Thank you very much for your reply. I am sorry to hear that you are having such difficulties. I completely agree with you on the fact that it's the injured worker who gets the raw end of the deal in these situations and that we're penalized for just trying to "get on" with our lives. In my case, I was 30 years old and did not want to be labeled as disabled for the rest of my life. Now it seems as if that's going to become an eventuality down the road, and had I known then what I know now, I would have sued the testicles off of my former employers. God bless you and good luck with your situation, I hope that everything works out in your favor in the end!
    ~ Dee ~

  4. #4

    Red face

    Thanks Dee and yes I have 20 years vested in my job and wish I would have did things differently with the first injury with my back at this job. I have since my surgery in 2000 got hurt two other times at work, one in the desk falling on my thighs and legs, then another with a sprained back and neck in 2003, I am currently out of work, its been rought as of late. I live in St Petersburg where are you from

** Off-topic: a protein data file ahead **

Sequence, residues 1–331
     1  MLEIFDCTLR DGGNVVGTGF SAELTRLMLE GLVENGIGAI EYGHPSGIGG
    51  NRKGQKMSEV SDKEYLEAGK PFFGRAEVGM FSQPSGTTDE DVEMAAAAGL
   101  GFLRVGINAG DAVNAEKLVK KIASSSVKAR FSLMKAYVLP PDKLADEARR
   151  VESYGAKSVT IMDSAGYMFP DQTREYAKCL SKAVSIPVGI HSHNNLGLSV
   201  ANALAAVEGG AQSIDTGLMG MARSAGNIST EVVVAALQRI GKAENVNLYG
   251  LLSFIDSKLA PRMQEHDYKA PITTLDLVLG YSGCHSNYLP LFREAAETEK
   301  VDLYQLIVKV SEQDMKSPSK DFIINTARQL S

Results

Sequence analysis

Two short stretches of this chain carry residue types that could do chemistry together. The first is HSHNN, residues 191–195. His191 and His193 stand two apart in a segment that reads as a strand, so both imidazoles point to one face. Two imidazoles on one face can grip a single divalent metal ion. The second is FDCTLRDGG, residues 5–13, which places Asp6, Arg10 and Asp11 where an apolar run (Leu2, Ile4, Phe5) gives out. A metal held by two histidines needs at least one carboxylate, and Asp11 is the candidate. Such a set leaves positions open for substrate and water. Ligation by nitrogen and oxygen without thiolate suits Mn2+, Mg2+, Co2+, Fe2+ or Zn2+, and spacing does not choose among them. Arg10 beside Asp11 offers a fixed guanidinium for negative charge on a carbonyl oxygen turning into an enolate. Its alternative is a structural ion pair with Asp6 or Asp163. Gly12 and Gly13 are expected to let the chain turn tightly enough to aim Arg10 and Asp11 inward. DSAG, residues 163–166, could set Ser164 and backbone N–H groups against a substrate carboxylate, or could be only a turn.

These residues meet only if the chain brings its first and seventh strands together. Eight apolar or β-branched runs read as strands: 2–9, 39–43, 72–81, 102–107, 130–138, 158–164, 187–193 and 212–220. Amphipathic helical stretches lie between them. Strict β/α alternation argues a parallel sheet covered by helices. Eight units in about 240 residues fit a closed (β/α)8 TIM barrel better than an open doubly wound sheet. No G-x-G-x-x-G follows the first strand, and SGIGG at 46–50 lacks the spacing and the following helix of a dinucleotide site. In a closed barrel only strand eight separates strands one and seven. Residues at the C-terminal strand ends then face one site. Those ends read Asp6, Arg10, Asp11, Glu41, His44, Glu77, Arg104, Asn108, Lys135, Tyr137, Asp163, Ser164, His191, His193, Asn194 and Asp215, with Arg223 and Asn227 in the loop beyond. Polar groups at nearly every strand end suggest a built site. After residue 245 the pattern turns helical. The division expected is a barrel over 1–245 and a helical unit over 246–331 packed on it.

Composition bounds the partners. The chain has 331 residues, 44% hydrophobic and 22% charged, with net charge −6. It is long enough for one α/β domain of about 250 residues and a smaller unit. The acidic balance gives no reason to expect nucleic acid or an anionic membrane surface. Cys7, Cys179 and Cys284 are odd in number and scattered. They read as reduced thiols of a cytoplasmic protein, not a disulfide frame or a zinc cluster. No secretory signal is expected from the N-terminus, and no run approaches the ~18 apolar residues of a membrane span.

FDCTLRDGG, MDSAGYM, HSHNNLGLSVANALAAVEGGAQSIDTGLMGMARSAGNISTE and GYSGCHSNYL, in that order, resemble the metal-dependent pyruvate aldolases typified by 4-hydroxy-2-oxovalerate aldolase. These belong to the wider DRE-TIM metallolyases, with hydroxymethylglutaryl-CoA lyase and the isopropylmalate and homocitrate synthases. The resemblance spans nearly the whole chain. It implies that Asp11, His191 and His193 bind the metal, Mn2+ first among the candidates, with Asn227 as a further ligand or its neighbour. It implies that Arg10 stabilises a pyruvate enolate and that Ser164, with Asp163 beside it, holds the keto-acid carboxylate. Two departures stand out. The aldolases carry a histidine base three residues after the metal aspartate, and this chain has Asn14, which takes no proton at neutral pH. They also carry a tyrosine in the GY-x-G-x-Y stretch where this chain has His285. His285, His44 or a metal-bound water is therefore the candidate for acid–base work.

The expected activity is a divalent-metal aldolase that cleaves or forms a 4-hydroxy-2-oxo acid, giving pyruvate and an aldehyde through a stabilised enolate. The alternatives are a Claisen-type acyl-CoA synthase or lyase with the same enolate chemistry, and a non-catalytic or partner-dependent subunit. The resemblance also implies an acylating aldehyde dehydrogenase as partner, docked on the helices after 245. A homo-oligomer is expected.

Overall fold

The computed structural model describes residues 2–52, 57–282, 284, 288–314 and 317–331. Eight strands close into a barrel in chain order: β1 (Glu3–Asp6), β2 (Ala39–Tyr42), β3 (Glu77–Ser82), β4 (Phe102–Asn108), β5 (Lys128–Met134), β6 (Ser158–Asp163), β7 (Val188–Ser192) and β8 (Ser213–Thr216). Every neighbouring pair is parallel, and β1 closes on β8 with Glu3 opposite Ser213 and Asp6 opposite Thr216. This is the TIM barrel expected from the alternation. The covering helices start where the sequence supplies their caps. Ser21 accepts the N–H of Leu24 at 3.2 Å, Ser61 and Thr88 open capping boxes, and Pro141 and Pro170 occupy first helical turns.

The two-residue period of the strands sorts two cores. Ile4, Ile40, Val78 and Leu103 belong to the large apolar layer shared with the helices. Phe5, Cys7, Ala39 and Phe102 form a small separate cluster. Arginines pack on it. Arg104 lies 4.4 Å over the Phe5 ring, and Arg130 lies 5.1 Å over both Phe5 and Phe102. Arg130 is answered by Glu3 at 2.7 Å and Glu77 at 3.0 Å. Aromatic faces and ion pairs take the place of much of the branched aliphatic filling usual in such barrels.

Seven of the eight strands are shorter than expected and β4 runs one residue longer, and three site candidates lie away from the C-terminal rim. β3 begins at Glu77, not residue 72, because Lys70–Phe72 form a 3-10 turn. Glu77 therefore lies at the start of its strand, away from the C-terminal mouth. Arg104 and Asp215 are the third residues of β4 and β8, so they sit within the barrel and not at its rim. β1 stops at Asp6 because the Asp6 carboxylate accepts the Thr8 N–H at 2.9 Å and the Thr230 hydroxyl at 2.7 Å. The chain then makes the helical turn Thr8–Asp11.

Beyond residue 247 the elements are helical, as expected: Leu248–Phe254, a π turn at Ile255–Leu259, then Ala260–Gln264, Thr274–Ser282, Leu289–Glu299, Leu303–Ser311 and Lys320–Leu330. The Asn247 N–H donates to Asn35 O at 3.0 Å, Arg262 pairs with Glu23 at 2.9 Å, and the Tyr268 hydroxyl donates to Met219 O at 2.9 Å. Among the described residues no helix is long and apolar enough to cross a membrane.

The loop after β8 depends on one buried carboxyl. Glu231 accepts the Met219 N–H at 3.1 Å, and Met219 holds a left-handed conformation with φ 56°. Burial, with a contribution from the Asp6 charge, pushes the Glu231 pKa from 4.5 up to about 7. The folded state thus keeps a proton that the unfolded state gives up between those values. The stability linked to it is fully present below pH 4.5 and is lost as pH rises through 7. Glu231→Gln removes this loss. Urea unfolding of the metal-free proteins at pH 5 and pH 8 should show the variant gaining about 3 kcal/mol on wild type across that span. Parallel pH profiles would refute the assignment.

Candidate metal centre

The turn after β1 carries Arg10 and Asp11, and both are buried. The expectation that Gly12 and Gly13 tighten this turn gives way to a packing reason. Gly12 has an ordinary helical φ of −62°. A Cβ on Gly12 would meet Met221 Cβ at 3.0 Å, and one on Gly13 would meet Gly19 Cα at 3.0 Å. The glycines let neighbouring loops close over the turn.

5. #5
    Join Date
    Aug 2004

    Red face

    Ms Marie,

    No problem, that's why I'm here. Not just to gather information, but to give as much information and advice as I possibly can. I'm no lawyer, but I try to find out as much as I can about the legal system since I can't afford to hire my own lawyer and there aren't very many out there who are willing to take a case pro bono unless there's a huge settlement involved.

    I'm a former Early Childhood Education worker from Philadelphia, PA. I've pretty much worked in the field since I graduated High School, before the No Child Left Behind Law made it mandatory for even TA's to have some sort of certification. I guess it really doesn't matter since I'm not in the best physical condition for that line of work anymore, so now it's on to plan B, I suppose, which is going back to school to learn a trade. It kind of stinks to have to start all over again at my age, but I'm still young enough to pull it off